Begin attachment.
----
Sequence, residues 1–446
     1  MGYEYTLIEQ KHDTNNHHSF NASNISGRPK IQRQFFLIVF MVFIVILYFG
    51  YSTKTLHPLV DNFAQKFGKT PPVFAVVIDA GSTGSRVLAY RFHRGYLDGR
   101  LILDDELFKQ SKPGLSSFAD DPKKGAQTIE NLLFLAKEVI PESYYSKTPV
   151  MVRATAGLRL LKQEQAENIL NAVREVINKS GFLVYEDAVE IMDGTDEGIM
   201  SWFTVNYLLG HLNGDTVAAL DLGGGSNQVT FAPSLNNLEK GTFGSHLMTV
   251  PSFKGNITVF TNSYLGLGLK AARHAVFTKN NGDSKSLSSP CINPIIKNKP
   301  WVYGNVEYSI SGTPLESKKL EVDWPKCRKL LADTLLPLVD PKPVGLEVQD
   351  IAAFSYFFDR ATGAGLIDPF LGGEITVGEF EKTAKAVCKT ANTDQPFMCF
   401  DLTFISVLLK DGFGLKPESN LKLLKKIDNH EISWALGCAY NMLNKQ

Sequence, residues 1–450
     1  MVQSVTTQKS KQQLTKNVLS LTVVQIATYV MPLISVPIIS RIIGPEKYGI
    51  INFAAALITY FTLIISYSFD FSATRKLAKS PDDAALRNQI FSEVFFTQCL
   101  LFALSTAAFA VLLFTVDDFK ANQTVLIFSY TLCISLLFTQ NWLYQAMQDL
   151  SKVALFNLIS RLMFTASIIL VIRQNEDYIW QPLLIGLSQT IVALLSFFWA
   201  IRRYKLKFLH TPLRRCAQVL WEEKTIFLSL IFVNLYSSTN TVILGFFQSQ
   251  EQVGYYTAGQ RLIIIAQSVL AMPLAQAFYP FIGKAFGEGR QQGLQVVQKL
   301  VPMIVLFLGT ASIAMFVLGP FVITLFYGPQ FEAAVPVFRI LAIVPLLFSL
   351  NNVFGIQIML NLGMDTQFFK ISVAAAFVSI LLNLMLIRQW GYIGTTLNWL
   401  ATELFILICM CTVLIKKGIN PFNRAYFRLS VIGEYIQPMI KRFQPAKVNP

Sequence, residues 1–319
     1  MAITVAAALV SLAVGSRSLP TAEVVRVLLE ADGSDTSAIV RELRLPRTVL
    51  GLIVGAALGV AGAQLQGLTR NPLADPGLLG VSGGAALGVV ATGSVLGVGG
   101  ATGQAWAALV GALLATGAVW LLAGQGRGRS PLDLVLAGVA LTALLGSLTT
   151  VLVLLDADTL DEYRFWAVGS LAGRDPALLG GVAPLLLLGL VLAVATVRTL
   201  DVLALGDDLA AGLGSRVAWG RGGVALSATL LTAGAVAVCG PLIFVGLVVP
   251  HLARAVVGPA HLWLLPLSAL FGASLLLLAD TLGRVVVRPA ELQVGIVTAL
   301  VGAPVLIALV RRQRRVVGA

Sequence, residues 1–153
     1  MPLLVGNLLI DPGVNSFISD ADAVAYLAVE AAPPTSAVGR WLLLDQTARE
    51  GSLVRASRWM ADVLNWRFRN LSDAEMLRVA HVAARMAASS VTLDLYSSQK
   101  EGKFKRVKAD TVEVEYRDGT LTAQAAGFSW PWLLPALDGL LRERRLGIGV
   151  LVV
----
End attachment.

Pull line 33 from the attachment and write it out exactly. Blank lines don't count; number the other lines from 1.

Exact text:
   151  LVV